Gee Whiz

November 28, 2007
Posted by Jay Livingston

Some time ago, the comments on a post here brought up the topic of the “gee whiz graph.” Recently, thanks to a lead from Andrew Gelman , I’ve found another good example in a recent paper.

The authors, Leif Nelson and Joseph Simmons, have been looking at the influence of initials. Their ideas seem silly at first glance (batters whose names begin with K are more likely to strike out), like those other name studies that claim people named Dennis are more likely to become dentists while those named Lawrence or Laura are more likely to become lawyers

But Nelson and Simmons have the data. Here’s their graph showing that students whose last names begin with C and D get lower grades than do students whose names begin with A and B.

The graph shows an impressive difference, certainly one that warrants Nelson and Simmon’s explanation:
Despite the pervasive desire to achieve high grades, students with the initial C or D, presumably because of a fondness for these letters, were slightly less successful at achieving their conscious academic goals than were students with other initials.

Notice that “slightly.” To find out how slight, you have to take a second look at the numbers on the axis of that gee-whiz graph. The Nelson-Simmons paper doesn’t give the actual means, but from the graph it looks as though the A students’ mean is not quite 3.37. The D students average between 3.34 and 3.35, closer to the latter. But even if the means were, respectively, 3.37 and 3.34, that’s a difference of a whopping 0.03 GPA points.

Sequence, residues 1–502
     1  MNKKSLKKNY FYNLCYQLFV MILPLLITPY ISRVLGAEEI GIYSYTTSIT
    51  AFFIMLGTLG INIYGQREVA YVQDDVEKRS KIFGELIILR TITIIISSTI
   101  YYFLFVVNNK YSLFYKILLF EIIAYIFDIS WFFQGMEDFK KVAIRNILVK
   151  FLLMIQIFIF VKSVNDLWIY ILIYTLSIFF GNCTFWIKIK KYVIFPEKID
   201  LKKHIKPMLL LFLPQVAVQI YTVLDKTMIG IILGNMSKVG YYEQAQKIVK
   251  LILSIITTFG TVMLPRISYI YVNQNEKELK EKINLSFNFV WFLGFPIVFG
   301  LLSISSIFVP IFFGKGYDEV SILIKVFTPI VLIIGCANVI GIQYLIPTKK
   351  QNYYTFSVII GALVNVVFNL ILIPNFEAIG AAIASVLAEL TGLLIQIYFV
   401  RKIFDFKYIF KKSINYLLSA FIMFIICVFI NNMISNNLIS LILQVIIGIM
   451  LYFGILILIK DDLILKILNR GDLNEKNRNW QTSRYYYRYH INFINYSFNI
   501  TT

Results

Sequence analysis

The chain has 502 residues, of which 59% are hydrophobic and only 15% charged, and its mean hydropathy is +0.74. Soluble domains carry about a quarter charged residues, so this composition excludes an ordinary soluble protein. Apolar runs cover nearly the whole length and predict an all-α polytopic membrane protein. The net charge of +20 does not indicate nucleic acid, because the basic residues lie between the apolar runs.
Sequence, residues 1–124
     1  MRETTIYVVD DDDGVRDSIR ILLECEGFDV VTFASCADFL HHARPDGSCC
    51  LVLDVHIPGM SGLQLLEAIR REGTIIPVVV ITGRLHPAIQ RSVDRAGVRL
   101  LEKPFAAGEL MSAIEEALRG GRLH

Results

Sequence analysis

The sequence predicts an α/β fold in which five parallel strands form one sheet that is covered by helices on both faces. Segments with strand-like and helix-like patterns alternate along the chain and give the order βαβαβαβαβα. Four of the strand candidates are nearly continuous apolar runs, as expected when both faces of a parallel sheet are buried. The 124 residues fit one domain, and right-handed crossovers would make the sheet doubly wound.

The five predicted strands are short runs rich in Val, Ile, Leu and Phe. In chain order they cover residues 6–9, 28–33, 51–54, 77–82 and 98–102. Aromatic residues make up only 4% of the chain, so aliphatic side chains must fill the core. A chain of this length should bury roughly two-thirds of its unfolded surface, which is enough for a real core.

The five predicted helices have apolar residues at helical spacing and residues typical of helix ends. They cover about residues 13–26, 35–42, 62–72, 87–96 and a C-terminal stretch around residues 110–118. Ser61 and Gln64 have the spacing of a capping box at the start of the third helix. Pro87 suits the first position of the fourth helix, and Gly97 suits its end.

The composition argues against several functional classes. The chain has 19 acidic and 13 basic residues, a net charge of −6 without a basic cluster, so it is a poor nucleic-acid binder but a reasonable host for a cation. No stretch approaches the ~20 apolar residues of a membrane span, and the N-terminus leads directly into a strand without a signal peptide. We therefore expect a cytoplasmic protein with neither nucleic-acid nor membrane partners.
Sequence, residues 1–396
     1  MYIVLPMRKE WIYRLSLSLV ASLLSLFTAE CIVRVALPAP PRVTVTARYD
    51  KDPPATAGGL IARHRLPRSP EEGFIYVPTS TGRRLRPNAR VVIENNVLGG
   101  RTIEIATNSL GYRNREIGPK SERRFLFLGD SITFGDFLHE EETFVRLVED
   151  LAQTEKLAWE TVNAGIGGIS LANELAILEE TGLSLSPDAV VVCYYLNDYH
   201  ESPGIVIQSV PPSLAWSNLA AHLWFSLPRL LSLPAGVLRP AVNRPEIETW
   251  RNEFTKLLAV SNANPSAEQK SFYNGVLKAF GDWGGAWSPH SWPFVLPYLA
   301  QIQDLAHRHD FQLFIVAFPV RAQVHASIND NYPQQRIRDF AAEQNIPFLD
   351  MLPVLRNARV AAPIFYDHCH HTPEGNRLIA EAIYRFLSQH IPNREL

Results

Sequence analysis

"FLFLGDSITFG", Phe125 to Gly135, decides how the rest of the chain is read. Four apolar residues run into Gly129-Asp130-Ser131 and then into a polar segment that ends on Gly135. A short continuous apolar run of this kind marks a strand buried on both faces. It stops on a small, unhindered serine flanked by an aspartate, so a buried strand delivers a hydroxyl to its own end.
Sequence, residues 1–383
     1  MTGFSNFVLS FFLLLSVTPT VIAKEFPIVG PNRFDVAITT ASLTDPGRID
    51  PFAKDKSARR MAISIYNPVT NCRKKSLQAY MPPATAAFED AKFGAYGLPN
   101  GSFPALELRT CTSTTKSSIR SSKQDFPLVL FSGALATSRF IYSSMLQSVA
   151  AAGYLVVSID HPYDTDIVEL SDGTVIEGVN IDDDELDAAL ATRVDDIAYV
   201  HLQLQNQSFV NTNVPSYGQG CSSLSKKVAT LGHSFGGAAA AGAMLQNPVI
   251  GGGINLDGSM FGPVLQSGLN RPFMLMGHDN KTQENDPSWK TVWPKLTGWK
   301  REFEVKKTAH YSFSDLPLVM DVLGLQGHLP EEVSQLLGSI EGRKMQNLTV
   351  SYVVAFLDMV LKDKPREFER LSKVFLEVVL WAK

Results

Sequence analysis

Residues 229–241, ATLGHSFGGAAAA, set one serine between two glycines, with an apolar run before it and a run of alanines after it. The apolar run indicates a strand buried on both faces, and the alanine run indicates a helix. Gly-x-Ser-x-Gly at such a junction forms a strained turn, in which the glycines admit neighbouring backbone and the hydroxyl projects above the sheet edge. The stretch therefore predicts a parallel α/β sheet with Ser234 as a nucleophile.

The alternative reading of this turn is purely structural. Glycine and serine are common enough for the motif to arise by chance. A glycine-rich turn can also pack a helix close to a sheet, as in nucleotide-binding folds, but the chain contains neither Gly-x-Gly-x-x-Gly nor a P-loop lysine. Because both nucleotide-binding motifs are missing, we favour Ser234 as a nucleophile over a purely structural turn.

When you put the numbers on a GPA axis that goes from 0 to 4.0, the differences look like this.
According to Nelson and Simmons, the AB / CD difference was significant (F = 4.55, p < .001). But as I remind students, in the language of statistics, a significant difference is not the same as a meaningful difference.

Worlds in Collision

November 26, 2007
Posted by Jay Livingston

There’s been a lot written about how the Internet has shifted the boundary of private and public. People are willing to put more of their lives out there in cyberspace– most notably on networking sites like MySpace and Facebook – assuming, for some reason, that only their friends will have the ability or interest to stop and look.

But cyberlore teems with cautionary tales of the wrong people getting the wrong information. A prospective employer sees what a job candidate has put on his MySpace page and finds it much different from the picture the candidate presented in his resumé and interview. It’s the problem Goffman called “audience segregation.” We don’t present quite the same self to each group that we interact with – employers and drinking buddies, for example – and we do our best to make sure that the audiences for these different performances don’t overlap. Jeremy Freese closed down his blog because of this problem. (I can’t remember the specifics.)